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"Was the Aṣṭasāhasrikā Prajñāpāramitā Compiled in Gandhāra in Gāndhārī?"

Gastvortrag von Herrn Prof. Dr. Seishi Karashima (Sōka University, Tōkyō)

16.04.2013 um 18:00 Uhr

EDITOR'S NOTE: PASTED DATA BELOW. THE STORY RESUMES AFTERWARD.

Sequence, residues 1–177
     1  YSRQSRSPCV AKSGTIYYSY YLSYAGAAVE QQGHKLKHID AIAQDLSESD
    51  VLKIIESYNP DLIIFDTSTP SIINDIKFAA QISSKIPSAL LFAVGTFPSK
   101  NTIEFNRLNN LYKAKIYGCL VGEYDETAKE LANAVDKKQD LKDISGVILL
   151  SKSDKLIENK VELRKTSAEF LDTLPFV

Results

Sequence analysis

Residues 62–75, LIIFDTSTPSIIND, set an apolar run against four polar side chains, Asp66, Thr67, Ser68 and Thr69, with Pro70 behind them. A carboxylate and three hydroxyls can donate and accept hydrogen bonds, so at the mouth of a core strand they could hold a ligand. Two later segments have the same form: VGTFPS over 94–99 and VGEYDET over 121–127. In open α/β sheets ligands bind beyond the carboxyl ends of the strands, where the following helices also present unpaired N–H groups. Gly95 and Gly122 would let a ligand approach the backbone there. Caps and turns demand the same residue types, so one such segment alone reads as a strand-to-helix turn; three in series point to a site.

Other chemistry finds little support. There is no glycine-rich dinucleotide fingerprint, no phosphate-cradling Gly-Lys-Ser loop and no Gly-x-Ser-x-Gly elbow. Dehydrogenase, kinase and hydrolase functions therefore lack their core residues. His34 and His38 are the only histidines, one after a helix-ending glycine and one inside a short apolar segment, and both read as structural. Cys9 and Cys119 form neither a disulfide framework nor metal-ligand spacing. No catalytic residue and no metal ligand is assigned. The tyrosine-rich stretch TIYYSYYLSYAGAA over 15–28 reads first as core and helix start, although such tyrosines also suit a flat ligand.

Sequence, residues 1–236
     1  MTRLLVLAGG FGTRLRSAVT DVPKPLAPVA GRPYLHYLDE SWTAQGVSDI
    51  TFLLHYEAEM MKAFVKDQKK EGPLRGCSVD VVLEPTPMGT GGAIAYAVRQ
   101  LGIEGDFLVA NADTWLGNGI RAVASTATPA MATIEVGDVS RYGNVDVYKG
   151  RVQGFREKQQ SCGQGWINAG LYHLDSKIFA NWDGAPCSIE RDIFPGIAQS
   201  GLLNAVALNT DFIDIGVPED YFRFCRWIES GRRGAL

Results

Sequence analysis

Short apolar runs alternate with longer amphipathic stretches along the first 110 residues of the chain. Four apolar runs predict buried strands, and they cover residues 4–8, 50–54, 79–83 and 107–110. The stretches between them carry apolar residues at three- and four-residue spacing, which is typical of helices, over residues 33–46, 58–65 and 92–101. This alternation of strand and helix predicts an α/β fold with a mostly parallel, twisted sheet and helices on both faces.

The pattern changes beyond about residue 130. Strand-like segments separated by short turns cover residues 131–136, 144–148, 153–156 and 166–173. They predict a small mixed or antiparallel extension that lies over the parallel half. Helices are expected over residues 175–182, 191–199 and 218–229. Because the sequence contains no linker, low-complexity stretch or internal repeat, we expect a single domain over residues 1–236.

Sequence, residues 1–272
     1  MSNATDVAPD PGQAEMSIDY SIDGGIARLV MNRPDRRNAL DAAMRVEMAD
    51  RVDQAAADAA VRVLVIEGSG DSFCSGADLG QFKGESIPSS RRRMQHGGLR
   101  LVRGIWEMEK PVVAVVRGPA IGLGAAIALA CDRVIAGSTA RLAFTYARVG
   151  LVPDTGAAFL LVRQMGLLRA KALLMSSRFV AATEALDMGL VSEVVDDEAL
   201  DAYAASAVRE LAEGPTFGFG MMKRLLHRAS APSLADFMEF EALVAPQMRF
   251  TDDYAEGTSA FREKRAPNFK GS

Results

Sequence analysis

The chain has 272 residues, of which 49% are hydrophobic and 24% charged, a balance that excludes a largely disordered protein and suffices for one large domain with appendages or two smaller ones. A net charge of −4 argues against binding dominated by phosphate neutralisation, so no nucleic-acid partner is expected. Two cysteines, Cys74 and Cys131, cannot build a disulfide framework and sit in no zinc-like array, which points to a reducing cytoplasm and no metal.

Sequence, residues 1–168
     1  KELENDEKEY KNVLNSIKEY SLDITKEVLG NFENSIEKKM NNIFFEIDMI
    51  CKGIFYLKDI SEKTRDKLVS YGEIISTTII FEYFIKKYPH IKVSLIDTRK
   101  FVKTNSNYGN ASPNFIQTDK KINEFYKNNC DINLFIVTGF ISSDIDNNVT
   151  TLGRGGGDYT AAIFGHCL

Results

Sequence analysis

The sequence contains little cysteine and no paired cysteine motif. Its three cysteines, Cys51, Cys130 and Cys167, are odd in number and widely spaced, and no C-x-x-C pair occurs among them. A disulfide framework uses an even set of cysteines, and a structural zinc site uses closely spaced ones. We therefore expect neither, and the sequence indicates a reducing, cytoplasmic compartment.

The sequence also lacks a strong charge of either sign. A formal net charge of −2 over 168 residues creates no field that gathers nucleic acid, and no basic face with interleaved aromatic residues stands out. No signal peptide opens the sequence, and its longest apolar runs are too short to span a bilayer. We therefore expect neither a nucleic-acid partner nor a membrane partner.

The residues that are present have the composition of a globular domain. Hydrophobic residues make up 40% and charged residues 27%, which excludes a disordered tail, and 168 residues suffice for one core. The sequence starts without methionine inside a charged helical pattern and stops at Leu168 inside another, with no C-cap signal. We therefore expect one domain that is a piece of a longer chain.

Each Mahāyāna scripture must have its own complex background and history. Probably, many of the early ones were originally transmitted in Middle Indic or in a mixed language of Middle Indic with Sanskrit elements, and later „translated“ gradually into (Buddhist) Sanskrit. This long cherished hypothesis has been proven by newly-discovered fragments of a Gāndhārī version of the Aṣṭasāhasrikā Prajñāpāramitā (Falk/Karashima 2012, 2013), dating back with an 81.1% probability, based on a C14 test, to between 47–147 C.E. Even the oldest Sanskrit Buddhist texts, representing the form in which we usually have access to them, are, in other words, the result of constant sanskritisation, wrong back-formations, reductions, additions and interpolations over the centuries. This means that when we attempt to understand early Mahāyāna scriptures properly so as to draw nearer to their original features or trace their transmission, if we restrict ourselves only to extant Sanskrit manuscripts, most of which date from the eleventh century onwards, the explanatory value of such studies is rather limited. In addition to Sanskrit texts, we should investigate all other available materials in order to flesh out this history. The Chinese translations, particularly those which were made between the second and the sixth century, which thus antedate most of the extant Sanskrit manuscripts, are indispensable sources as, in most cases, the exact periods of their translations are known. Apart from these Chinese translations, old Sanskrit and Gāndhārī fragments, discovered in Central Asia and „Greater Gandhāra“ (present-day Pakistan, Afghanistan, Uzbekistan), Khotanese texts, Tibetan translations and so on, may provide substantial clues to tracing the origination, development and alternation of Buddhist scriptures. Especially the Gāndhārī manuscripts of Mahāyāna scriptures, dating even back to the first century, which have been discovered in recent years, may change our understanding of Mahāyāna Buddhism.

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